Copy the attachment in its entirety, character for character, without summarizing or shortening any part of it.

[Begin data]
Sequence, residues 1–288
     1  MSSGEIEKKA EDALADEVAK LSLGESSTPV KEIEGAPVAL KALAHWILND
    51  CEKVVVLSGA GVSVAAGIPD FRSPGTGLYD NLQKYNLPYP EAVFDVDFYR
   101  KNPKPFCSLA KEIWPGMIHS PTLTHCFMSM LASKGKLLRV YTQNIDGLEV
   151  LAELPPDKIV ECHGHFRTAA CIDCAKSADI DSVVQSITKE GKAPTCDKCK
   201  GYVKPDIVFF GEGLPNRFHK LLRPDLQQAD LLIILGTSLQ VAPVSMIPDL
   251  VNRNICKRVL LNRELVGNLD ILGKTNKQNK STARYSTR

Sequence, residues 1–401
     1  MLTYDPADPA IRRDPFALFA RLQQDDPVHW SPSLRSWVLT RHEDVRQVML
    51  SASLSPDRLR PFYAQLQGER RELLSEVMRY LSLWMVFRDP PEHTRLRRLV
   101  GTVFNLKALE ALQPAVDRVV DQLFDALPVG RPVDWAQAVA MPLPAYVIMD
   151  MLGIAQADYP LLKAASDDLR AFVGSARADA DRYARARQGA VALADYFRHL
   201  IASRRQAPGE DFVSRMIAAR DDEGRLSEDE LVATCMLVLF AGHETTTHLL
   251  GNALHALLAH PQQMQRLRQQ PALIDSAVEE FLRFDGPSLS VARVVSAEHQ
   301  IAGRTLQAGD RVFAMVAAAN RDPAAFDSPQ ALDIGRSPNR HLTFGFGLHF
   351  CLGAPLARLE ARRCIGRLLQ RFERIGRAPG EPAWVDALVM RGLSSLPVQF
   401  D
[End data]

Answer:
Sequence, residues 1–288
     1  MSSGEIEKKA EDALADEVAK LSLGESSTPV KEIEGAPVAL KALAHWILND
    51  CEKVVVLSGA GVSVAAGIPD FRSPGTGLYD NLQKYNLPYP EAVFDVDFYR
   101  KNPKPFCSLA KEIWPGMIHS PTLTHCFMSM LASKGKLLRV YTQNIDGLEV
   151  LAELPPDKIV ECHGHFRTAA CIDCAKSADI DSVVQSITKE GKAPTCDKCK
   201  GYVKPDIVFF GEGLPNRFHK LLRPDLQQAD LLIILGTSLQ VAPVSMIPDL
   251  VNRNICKRVL LNRELVGNLD ILGKTNKQNK STARYSTR

Sequence, residues 1–401
     1  MLTYDPADPA IRRDPFALFA RLQQDDPVHW SPSLRSWVLT RHEDVRQVML
    51  SASLSPDRLR PFYAQLQGER RELLSEVMRY LSLWMVFRDP PEHTRLRRLV
   101  GTVFNLKALE ALQPAVDRVV DQLFDALPVG RPVDWAQAVA MPLPAYVIMD
   151  MLGIAQADYP LLKAASDDLR AFVGSARADA DRYARARQGA VALADYFRHL
   201  IASRRQAPGE DFVSRMIAAR DDEGRLSEDE LVATCMLVLF AGHETTTHLL
   251  GNALHALLAH PQQMQRLRQQ PALIDSAVEE FLRFDGPSLS VARVVSAEHQ
   301  IAGRTLQAGD RVFAMVAAAN RDPAAFDSPQ ALDIGRSPNR HLTFGFGLHF
   351  CLGAPLARLE ARRCIGRLLQ RFERIGRAPG EPAWVDALVM RGLSSLPVQF
   401  D